In 2008 EA Sports released FIFA 08 within which the new Be a Pro mode was introduced to an unsuspecting public. Bloody marvellous it was. It was stunningly engaging and wonderfully playable. Imagine creating an avatar and turning them into that world class striker you’ve always dreamed of being in your back garden? Well here was your chance to actually, seriously, do that. With the release of FIFA Ultimate Team as an addition a few years back EA Sports did it again. This time we had a collectable card game whereby you can wheel and deal - and play football of course - to get that ultimate team. It was never quite there though and you’d go again. More of that delightful je na sais quoi that EA Sports delivers periodically.
Now, with FIFA 17 they have gone and done it again. Alongside the transfer of the game to the Frostbite engine (used for such games as Battlefield 1 and Mirror’s Edge ensuring things look and move as prettily as they possibly can) we have a brand-new game mode known as The Journey. In it you get to play the role of Alex Hunter, young football fan and aspiring footballer, as he works his way towards a first professional contract and more over the course of a season. It’s fifteen hours of gameplay, styled as a cross between player career mode, Be a Pro and an actual RPG. It’s absolutely awesome. From the opening cutscene it was utterly engrossing. Hunter’s dad was a failed footballer due to injury. His grandfather was a famous striker, leading his team to league glory in the sixties. You want to get Hunter to that level. It’s helped by the fact you can choose any Premier League club, so if you support one of those twenty teams today then you can possibly end up hunting for all the wins with your team. It’s fabulous. The Journey involves multiple training sessions - with performance in those dictating how many XP Hunter gets and therefore how good his stats become; league and cup games; dialogue choices and of course cinematics telling your story from summer to season’s end. There are FUT rewards littered throughout but quite frankly it doesn’t need them. The football RPG is born and in year zero we have an excellent first iteration of what will hopefully become a mainstay in FIFA games to come. It is quite simply the stellar peak of this year’s offering. Note that The Journey is only part of the current generation package - not PlayStation 3 or Xbox 360.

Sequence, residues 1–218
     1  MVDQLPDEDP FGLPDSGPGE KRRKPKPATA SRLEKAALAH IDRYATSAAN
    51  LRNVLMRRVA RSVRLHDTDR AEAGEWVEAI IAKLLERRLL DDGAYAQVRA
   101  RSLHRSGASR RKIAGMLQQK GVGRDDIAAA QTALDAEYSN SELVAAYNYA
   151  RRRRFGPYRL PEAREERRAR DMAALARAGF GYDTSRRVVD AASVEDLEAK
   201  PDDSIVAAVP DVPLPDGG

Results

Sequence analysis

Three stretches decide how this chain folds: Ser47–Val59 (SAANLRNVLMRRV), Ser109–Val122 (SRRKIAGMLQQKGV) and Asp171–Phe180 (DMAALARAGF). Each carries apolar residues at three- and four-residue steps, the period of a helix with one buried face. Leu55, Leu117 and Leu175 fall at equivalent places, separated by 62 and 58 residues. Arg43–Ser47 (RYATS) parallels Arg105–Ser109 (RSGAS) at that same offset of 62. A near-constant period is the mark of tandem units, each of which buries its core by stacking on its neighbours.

Of course, FIFA 17 has all the usual options alongside this and will keep anyone involved for the next year until another version of the game’s released. With FUT, career mode, Pro clubs, online and offline multiplayer and co-op you will not get bored. The high level of production values ensures things are always pretty and entertaining too, and this year we even have less smoke and mirrors behind FUT’s chemistry given the hassle EA Sports had last year when the veracity of such effects was challenged. The sheer pizzazz is so far ahead of anything from other football games that the devs could just give up, but year on year they refresh things even if only slightly - for instance the ceremonial opening of FUT packs is different (fireworks if you pack anybody really good - good luck with that) and the commentary has been freshened up to ensure you don’t automatically switch to the Spanish or Dutch track (which are different too by the way).